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Old June 10, 2012, 11:06 AM   #23
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Join Date: February 15, 2009
Location: Kodiak, Alaska
Posts: 2,118
Originally Posted by Coach Z
The quote that I go by is the one I got from the commander of the coast guard academy when I asked what their jurisdiction was....

"see all the blue of the ocean, that's ours!)

The uscg and customs absolutely does not need any warrant ( for better or worse) to board a vessel within the 12nm limit "contiguous zone" That's been law since congress passed it in 1799!

Link to NOAA PDF of maritime zones and maritime law
Well, you're correct, but there's more.

I can board any US-flagged vessel anywhere on the ocean, up to the territorial limit of another country. Let's say that you're on a 62' yacht 20 miles off the coast of Canada. I can board you any time I please. If your'e within Canada's territorial waters, I cannot board you without contacting the State Dept and them going through the approval network for us to enter Canada's waters for LE missions.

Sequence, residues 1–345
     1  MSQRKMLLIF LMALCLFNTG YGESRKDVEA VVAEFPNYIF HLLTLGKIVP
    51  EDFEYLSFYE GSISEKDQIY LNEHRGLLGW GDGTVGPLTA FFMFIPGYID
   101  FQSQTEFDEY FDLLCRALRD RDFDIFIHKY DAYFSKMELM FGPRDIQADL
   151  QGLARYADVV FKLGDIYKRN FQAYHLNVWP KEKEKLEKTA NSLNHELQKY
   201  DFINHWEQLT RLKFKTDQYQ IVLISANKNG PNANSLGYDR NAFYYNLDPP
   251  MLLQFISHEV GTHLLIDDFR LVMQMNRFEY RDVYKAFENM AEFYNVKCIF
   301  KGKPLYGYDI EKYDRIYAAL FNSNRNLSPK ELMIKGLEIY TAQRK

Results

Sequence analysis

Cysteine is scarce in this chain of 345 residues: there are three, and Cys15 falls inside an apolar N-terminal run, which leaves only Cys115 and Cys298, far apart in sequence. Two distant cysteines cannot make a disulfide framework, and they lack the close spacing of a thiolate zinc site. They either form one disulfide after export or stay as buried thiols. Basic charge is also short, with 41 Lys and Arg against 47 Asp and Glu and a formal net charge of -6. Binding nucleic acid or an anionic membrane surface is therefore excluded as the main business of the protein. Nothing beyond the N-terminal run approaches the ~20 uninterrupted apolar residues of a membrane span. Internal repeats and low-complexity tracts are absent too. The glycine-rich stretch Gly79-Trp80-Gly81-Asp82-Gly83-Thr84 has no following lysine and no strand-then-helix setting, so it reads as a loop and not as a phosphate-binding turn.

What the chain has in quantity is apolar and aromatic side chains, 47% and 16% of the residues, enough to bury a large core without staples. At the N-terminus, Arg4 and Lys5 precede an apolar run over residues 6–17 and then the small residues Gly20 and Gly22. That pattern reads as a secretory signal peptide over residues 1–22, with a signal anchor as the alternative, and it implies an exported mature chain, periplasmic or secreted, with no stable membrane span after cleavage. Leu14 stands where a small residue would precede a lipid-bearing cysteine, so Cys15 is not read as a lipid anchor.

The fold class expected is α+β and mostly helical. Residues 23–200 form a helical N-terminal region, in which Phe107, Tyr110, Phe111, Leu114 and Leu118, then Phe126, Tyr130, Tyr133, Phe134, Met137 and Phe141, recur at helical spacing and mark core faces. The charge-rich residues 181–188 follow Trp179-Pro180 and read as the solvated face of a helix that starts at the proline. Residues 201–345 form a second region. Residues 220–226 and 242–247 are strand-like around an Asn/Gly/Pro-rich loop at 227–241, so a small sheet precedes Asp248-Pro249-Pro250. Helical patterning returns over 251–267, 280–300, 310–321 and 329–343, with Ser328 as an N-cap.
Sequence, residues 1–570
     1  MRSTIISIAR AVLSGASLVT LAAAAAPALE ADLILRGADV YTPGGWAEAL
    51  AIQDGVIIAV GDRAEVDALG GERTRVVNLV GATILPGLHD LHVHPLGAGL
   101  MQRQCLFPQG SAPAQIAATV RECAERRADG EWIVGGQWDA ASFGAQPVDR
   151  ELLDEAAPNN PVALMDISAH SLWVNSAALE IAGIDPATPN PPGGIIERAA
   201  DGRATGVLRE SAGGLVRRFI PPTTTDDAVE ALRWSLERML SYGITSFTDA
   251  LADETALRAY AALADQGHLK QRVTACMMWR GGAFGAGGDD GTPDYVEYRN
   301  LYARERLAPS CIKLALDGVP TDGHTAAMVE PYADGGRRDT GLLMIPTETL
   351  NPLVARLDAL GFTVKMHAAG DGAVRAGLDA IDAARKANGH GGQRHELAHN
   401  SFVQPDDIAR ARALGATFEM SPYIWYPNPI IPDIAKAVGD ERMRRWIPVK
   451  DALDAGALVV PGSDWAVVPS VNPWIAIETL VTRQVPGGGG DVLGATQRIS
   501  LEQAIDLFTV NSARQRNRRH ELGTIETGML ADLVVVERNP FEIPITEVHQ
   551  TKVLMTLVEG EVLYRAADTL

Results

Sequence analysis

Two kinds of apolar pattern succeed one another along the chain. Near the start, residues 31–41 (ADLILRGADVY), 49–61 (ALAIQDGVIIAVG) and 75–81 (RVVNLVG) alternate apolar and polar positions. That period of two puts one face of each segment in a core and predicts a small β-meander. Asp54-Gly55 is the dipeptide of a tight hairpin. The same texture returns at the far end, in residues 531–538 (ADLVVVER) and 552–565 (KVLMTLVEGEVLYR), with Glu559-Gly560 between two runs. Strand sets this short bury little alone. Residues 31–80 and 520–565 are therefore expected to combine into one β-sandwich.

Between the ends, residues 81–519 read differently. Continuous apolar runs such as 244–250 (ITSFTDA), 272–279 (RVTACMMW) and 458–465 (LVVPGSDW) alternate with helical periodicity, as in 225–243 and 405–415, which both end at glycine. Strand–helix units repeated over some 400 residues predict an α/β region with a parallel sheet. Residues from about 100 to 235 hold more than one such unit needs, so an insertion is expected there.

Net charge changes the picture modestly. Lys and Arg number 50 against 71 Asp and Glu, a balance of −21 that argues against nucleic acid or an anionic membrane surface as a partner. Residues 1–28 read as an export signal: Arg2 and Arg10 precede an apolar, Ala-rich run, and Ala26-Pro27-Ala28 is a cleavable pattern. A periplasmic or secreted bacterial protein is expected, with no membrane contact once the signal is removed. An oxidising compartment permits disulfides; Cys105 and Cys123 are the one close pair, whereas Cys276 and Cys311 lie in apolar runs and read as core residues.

Originally Posted by hogdogs
For me, a cruising vessel is a domicile away from home... I do what I want in my domicile and with out a search warrant NO ONE OFFICIAL LACKING A SEARCH WARRANT MAY ENTER IT SO LONG AS I AM IN THESE HERE UNITED STATES OF AMERICA!!!

This includes the USCG lookin' for smuggled drugs or a harbor master or anyone else for that matter...
Brent, I'll tell you first off that I agree with you, that's the way it should be... But that's not the way it is and if you take that stance with a USCG or Customs boarding team that's attempting to board your vessel, things will end badly for you. Long story short: if we/they want to board you, you will be boarded. Wether that's at sea and lasts a few minutes, or we do it the long, difficult way... It'll be up to you, your boat will be boarded, just a matter of if you go to jail or not.

"To preserve liberty, it is essential that the whole body of the people always possess arms, and be taught alike, especially when young, how to use them." -Richard Henry Lee, Virginia delegate to the Continental Congress, initiator of the Declaration of Independence, and member of the first Senate, which passed the Bill of Rights.
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